In Dr. Meehan’s presentation, she demonstrated that in Mexico City, as in other cities throughout the world, significant portions of the population are not provided with safe and sufficient water to drink, cook, bathe, etc. She explained that despite water being designated by the Mexico City government as a human right, 31% of the population does not have safe, all-day water access and therefore must fill in the gaps through a number of practices, one of which is capturing rainwater. Dr. Meehan concluded by affirming that the work of Isla Urbana, a community-based organization that builds and installs water catchment systems, has the potential to bring water justice to Mexico City by “re-plumbing the republic.”
A question and answer session followed the lecture, allowing attendees and Dr. Meehan to partake in a dialogue that discussed topics such as how the work of Isla Urbana relates to broader social movements in Mexico City, the tensions between the work of NGOs and social justice goals, and the issue of water privatization in other areas of Latin America, such as Bolivia, where Dr. Kohl lived for many years as both an activist and researcher. Conversation continued over food and drinks during a reception outside the GUS Department’s newly opened GIS Studio.
By PhD Student Rebecca Croog
By Hamil Pearsall, PhD, Marlee Cooper, Dempsey DiMedio, Kenneth Govan, Jason Loux, Daron Mulligan, Charlie Orr, Julia Pedrick, Sam Schwarzwalder, and Chris Tauskey
On Saturday, October 14th, the students from Environmental GIS taught by Professor Hamil Pearsall developed an exhibit on urban heat islands in Philadelphia as part of the Climate City section at the Fishtown River City Festival at Penn Treaty Park.
Our goal was to teach attendees about urban heat islands and in a way that was easy to understand, memorable and relatable to individuals living in the Philadelphia area. We followed a climate communication approach developed by the Climate & Urban Systems Partnership (CUSP) that focused on making an issue like climate change local, relevant, and solution-oriented and developed three different hands-on components for our exhibit:
- A station for measuring the temperature of common construction materials (e.g. bricks, roofing materials, wood);
- A matching game that challenged residents to match a neighborhood-scale photo to its corresponding location on a map of temperatures across the city; and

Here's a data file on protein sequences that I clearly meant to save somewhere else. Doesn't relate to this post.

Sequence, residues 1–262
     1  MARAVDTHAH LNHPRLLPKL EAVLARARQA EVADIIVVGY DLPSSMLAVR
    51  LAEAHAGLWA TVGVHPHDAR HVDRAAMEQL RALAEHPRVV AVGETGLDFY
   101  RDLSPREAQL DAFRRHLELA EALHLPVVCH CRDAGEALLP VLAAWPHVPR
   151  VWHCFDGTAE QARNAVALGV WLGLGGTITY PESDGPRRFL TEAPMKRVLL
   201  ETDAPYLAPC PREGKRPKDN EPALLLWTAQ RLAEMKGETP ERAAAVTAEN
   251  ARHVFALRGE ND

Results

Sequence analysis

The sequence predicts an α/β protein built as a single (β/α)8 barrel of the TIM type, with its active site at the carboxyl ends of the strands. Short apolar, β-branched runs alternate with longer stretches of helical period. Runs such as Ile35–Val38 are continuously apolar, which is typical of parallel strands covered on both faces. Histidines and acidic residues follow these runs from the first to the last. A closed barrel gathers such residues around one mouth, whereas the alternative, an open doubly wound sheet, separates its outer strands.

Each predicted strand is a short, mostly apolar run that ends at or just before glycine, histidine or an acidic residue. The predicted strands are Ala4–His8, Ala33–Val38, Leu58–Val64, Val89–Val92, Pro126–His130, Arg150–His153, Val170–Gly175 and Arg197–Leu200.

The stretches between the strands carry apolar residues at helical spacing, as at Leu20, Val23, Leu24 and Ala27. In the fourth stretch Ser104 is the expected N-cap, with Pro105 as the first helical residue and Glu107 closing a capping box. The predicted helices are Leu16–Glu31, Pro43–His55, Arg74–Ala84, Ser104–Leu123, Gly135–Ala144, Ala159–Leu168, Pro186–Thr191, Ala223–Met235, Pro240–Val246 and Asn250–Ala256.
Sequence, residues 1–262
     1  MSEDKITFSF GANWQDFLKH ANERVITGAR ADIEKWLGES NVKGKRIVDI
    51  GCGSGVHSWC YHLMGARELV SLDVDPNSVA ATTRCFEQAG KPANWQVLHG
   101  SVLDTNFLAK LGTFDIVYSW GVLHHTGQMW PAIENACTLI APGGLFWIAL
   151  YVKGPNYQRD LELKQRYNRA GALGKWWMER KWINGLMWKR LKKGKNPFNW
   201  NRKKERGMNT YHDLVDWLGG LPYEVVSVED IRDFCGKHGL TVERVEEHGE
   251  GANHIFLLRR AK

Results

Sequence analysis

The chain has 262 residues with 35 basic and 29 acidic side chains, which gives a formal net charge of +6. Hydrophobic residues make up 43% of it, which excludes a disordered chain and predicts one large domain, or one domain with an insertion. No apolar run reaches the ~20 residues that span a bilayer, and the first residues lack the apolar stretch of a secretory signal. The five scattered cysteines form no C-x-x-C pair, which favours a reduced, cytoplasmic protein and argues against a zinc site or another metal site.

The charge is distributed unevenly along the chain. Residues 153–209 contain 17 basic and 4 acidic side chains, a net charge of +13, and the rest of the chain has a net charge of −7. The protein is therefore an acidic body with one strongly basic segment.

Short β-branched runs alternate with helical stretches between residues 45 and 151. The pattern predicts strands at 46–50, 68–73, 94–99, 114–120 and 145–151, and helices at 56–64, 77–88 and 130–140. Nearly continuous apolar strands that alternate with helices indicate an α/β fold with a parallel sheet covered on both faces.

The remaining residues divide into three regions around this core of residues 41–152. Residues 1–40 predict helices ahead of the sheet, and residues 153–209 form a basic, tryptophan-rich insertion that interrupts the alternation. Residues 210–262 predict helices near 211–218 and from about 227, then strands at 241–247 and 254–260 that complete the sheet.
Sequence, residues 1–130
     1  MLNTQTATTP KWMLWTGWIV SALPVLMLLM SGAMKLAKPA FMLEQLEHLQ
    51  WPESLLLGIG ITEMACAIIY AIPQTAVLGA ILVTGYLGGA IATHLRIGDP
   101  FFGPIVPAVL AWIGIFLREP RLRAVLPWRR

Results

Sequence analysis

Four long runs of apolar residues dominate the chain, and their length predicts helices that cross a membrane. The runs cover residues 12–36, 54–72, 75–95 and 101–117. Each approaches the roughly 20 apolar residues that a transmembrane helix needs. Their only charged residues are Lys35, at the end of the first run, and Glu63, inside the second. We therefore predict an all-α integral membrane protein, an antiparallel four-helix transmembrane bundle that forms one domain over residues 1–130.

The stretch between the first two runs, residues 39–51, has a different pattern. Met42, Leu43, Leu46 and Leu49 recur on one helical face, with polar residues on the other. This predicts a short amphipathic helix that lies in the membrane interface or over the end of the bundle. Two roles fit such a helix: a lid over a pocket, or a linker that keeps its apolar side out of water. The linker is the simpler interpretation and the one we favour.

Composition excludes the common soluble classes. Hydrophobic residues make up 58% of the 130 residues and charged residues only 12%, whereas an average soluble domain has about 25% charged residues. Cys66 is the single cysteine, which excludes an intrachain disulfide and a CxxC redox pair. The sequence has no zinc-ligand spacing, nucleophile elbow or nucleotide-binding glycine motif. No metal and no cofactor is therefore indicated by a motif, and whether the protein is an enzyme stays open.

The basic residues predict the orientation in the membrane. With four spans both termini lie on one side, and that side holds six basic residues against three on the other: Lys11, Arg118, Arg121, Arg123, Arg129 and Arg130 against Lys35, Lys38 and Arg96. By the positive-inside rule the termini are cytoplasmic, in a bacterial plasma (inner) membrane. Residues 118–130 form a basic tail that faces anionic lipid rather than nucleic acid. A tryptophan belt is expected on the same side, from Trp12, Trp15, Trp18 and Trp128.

- A game, inspired by The Lorax by Dr. Seuss, to help Fishtown residents come up with ways of cooling their neighborhood.
Our maps and activities were engaging, fun, and educational. They help get people interested in the timely issue of urban heat, it helped people realize that urban heat islands affect them as
individuals. It also equipped them with recommendations of what they can do to keep their neighborhoods cooler. Easy recommendations included green spaces, planting trees, or being aware of the type of shingles on your roof.
The students from the class enjoyed interacting with the local community to discuss environmental issues relevant to Philadelphia. The exhibit successfully accomplished its goal of making people aware of extreme heat in cities and helping them to find ways that they could make a difference through a few simple actions.
On Sept. 26, six of our faculty openly addressed recent natural disasters in a panel titled “Extreme Weather or Extreme Politics: Climate Change, Urban Planning and the 2017 Hurricane Season.” Moderated by Hamil Pearsall, an expert on hazards and vulnerability, panelists included Christina Rosan, David Organ, Victor Gutierrez-Velez, Robert Mason, and Charles Kaylor.
Read more about the panel, as told by Environmental Studies major Jillian Eller, on the College of Liberal Arts Newsroom.
On Friday October 6th, we celebrated the grand opening of our new Geographic Information Systems (GIS) Studio.
The GIS Studio is located on the first floor of Gladfelter Hall. Formerly not in use as an academic space, the mezzanine level now includes the studio, the faculty office for the Assistant Director of the Professional Science Master’s in GIS, and a small conference room with videoconferencing technology. This space is for graduate students in the Professional Science Master’s in GIS, giving them a dedicated space to work on their coursework, collaborate with fellow students and employers, and learn in a hands-on setting.